Tuesday, February 19, 2008

Sixth College Practicum

Since I'm a 6th College student ("I WANT A STANDING OVATION!"...for my fellow Sixthers.), I have to complete the Sixth College CAT Practicum; CAT = Culture, Art and Technology. I think the program is designed to help broaden our minds, see different approaches and bind us all together as a college, but I also can see how people are merely bonded by their intense dislike (dare I say, hatred) for the program.

Hatred for the CAT program doesn't surprise me, but it throws me into despair sometimes.

Before you judge me, I DO think that a lot of the CAT requirements are dumb, useless and ineffective in broadening our minds. But I think the intention for it is good and that the students could really make it into a great program if they weren't so apathetic and judgemental about giving feedback and participating in the college community. I'm not saying that I'm always proactive, but I try not to hate on something that I probably could change.

Freshman year, I remember taking a class on Abortion and it's ethics, etc. And I remember that it was one of my most memorable classes in all of my college experience. Yes, it was definitely irritating; it often involved heated arguments and there were some people who I thought were total bigots, idiots and assholes but it was one of the classes that taught me the most at the start of my college career and would carry me through for many years down the same thought path. It really did teach me something and it wasn't necessarily the answer to whether abortion was right or wrong; it taught me that there are definitely reasons that lead people to believe in what they believed and even questioned if their basis for believing such things was sound. The question of ethics and morals and whether or not they exist was such a profound moment for me that I still like to toy with the notion while I'm waiting at the bus stop. Also, the notion of respecting people's opinions rang true; at least, that's what I have to tell myself in order not to strangle some of them.

Anyways, I digressed from my initial intent to post and that was to mention my current CAT Practicum course, which is called Developing Technologies for Developing Countries. It's being taught by Derek Lomas who is actually in India as the course progresses. Utilizing webcams, Skype, instant messaging, email, phone and basically anything else we can find, my professor is literally "wired" to us. If there was ever a time to experiment with classroom teaching, technology and remote teaching, this would be it...and I have first hand experience. It's definitely been challenging without his actual prescence here but it has also made it very interesting!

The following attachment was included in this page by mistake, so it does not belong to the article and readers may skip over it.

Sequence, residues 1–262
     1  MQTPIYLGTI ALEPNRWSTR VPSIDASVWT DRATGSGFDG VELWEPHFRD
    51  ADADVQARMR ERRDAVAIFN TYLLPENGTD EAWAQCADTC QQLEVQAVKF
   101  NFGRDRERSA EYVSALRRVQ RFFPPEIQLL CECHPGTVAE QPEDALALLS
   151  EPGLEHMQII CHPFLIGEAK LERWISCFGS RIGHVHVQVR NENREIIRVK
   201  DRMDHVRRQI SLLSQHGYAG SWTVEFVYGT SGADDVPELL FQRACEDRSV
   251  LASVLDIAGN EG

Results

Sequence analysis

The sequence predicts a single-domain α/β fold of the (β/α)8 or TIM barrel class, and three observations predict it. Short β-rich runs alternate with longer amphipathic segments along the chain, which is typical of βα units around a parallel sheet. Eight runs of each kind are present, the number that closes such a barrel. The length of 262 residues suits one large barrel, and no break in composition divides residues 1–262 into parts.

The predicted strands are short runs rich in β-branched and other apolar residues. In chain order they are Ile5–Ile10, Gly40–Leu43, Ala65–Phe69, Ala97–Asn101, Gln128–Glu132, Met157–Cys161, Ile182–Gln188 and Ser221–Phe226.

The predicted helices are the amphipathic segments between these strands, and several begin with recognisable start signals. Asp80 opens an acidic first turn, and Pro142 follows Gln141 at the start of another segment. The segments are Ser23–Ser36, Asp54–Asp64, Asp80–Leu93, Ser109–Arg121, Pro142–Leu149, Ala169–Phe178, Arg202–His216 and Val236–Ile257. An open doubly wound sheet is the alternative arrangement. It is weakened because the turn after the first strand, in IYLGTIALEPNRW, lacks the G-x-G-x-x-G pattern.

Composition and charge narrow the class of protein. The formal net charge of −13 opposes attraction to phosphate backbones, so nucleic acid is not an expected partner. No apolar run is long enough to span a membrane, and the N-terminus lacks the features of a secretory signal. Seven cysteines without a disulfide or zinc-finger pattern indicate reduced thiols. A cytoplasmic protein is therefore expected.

First of all, I noticed that I either get very excited and proactive, or lazy and procrastinative. Since he's not there, it's easier to slip into class unnoticed if you're late or turn in your papers digitally on the webwiki. On the other hand, I get very excited and post stuff on the Wiki in spurts whenever I need an outlet to dump all my images and writings. It definitely has its pros and cons and I think whatever you get out of it definitely depends on what you put into it.

Secondly, the class demographics prove to be very interesting. We're a mix of engineers, management science majors and...random liberal arts sort of majors (like me: International Studies). Whenever people start rambling about the specifics of cell phones or voice recognition, I tend to zone-out. But there are also people who I find to be interested in the same specialized area of helping developing countries and even questioning if we SHOULD be helping them or if they even WANT our help. It all ties back into the question of ethics and why we feel arrogant enough to say that they need our help.

Thirdly, and sadly, Apathy is still rampant. Despite being in our last few quarters at UCSD, many people don't seem to want to utilize the last chance we have at such a flexible course. It's really not that difficult! I'm kind of surprised how little some people have changed and at the same time, surprised at how much others have. How do you break through apathy?

Anyways, I'm just rambling, but if you're bored, check out our growing and developing Wiki: I'm in the middle of writing our about our first project: Kiva: Empowering Loans


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